Beer from Here: Highland Brewing Company – Lost Cove Pale Ale
Started in 1994, Highland Brewing Company was Asheville’s first brewery after Prohibition. The name of North Carolina’s third oldest brewery recognizes the Scotch-Irish that first settled the Asheville area. Owner and founder Oscar Wong’s passion for homebrewing turned into an operation in the 3,500 square foot basement under Barley’s Taproom and Pizzeria. The original brewery was built almost entirely of retrofitted dairy equipment and could produce up to 6,500 barrels of beer per year. At its new location, Highland has the capacity to brew over 50,000 barrels annually with room to grow.
Highland boasts an impressive lineup of year-round and seasonal brews. Five year-round staples include Gaelic Ale (the first beer brewed; was known as Celtic at the time), Oatmeal Porter, St. Terese’s Pale Ale, Kashmir English-Style IPA and Black Mocha Stout. Six seasonals beers are led by the popular Cold Mountain Winter Ale and Thunderstruck Coffee Porter.
I cracked open Highland’s summer seasonal, Lost Cove American Pale Ale, while celebrating our country’s 239th birthday. This 4.5%, 20 IBU pale ale was named for a feature of the Southern Appalachian landscape. Lost Cove was a legendary ghost town that was thought to be founded during the Civil War era. In the late 1800s the area became notorious for moonshining, but its isolation and economic necessity eventually led to the community’s demise in the 1950s.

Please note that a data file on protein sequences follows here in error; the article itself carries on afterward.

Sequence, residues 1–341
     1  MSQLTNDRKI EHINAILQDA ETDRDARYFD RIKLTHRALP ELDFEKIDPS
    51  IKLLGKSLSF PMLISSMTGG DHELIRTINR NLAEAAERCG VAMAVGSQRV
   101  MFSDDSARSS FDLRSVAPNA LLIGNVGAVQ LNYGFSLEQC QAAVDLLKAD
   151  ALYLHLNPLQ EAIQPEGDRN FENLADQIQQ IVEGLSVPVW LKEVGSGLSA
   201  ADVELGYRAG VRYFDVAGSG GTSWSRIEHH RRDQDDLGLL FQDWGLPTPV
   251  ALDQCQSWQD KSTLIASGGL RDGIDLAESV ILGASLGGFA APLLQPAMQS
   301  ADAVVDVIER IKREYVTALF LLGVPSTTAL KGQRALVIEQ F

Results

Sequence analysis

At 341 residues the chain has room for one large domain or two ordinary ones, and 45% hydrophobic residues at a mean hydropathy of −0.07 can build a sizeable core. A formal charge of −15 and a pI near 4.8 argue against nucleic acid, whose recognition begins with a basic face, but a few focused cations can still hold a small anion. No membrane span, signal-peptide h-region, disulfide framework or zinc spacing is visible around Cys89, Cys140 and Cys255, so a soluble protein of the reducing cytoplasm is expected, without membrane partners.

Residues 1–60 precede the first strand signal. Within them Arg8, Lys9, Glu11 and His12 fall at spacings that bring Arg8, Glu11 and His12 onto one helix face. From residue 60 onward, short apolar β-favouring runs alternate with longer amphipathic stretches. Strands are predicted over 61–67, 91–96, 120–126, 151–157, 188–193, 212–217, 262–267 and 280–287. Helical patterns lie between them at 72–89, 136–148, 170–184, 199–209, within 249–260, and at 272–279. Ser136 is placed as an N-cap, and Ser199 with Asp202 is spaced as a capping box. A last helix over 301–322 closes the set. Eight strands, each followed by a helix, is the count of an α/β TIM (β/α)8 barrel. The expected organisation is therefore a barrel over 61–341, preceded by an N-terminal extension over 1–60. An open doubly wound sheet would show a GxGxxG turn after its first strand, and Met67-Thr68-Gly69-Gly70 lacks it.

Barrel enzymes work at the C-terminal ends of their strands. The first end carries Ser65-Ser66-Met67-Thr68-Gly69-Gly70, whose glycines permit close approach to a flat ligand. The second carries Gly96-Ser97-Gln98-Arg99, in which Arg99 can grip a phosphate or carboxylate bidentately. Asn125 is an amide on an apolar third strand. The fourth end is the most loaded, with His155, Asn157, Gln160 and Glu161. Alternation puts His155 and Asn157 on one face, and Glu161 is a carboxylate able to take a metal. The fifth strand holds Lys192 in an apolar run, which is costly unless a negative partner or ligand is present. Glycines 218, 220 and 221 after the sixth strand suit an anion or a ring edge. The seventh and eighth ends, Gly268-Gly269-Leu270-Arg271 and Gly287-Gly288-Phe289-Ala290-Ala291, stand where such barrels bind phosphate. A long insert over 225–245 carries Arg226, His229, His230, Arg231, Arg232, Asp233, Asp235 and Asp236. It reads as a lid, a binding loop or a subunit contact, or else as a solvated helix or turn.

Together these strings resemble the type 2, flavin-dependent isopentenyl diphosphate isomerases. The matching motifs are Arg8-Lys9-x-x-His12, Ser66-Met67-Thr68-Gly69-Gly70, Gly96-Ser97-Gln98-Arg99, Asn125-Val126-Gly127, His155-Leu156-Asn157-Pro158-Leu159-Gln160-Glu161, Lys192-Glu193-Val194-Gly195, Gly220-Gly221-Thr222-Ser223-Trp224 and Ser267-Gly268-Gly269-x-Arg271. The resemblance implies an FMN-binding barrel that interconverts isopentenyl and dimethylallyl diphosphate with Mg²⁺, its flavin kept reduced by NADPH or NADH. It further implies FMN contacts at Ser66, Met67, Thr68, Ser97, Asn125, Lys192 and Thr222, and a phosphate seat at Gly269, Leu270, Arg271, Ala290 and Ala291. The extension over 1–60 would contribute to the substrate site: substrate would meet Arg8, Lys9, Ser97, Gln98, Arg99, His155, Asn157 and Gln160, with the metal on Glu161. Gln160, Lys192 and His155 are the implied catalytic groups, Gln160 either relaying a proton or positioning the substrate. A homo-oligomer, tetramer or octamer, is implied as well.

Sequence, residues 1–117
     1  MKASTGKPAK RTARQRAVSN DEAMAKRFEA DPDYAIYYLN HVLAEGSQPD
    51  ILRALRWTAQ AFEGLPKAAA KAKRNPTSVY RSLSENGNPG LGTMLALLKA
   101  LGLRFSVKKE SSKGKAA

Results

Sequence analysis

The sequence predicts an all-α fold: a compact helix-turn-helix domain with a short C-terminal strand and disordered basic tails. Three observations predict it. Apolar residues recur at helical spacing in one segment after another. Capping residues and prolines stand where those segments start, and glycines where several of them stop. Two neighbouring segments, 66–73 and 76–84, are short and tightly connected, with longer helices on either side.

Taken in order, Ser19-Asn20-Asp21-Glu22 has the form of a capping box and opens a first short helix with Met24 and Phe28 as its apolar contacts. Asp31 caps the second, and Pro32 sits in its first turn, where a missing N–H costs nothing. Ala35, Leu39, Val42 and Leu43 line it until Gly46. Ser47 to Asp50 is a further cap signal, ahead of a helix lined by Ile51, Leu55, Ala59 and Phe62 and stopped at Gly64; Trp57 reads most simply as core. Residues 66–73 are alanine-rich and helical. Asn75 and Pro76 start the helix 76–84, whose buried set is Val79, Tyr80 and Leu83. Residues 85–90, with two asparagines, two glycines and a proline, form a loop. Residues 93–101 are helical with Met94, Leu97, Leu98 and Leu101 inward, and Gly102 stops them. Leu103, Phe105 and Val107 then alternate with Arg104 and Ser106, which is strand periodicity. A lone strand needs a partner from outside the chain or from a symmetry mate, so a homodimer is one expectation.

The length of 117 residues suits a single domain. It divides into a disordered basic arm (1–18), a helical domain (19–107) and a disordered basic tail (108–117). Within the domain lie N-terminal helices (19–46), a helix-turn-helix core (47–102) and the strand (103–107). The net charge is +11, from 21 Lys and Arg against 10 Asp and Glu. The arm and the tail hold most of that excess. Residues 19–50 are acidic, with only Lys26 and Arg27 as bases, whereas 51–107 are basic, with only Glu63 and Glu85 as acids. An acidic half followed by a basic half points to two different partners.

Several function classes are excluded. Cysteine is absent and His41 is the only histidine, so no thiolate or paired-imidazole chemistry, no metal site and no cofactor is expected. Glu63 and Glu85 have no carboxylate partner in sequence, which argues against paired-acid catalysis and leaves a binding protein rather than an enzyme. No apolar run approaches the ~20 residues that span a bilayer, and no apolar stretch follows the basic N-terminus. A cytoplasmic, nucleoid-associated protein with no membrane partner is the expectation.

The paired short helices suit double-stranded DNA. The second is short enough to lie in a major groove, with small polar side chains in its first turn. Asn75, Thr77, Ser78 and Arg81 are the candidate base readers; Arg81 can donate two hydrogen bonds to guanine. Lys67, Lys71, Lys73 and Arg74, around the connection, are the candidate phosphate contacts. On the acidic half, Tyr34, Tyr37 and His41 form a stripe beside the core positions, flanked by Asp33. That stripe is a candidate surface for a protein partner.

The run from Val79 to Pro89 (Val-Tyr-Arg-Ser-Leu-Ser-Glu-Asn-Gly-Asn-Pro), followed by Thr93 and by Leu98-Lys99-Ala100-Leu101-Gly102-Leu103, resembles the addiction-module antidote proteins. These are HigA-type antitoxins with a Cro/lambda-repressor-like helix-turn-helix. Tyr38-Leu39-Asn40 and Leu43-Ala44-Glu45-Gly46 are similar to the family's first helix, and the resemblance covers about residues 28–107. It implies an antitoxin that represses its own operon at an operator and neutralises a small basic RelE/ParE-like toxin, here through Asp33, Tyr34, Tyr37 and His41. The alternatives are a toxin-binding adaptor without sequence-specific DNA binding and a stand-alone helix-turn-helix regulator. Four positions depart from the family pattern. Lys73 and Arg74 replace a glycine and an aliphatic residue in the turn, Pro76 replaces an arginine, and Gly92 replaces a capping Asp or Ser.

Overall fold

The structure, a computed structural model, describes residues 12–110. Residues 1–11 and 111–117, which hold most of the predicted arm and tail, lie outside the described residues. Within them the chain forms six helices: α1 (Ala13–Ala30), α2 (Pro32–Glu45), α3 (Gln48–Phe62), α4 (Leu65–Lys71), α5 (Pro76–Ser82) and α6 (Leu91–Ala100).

The pale ale poured a crystal clear yellow that resembled a refreshing lemonade. There was active and visible carbonation, and an effervescent head that quickly dissipated into a slick, filmy ring around the glass. The pilsner malt dictated a breaded aroma with notes of mild herbs and spiciness from the Hallertau hops. I thought the hop flavors were lighter than described on the bottle.
The light-bodied ale was clean, crisp and refreshing. A thin lacing decorated the interior of the glass. I picked up a touch of citrus and mild bitterness on the end, but the pilsner malt defined this beer. This “session” ale went down fast.
Highland’s motto is “just a wee bit different” and Lost Cove is a testament to that. It’s not your standard pale ale or summer ale. It’s a refreshing, easy drinking beer that can be enjoyed after a days worth of yard work or something to sip poolside.
Lost Cove and other Highland beers can be found in bars, restaurants, supermarkets and specialty stores around North Carolina, Alabama, Florida, Georgia, Kentucky, Ohio, South Carolina, Tennessee, Virginia and Washington D.C.
Brewery: Highland Brewing Company
City: Asheville, NC
Style: Pale Ale
Availability: Summer seasonal; draft and 12 oz. bottles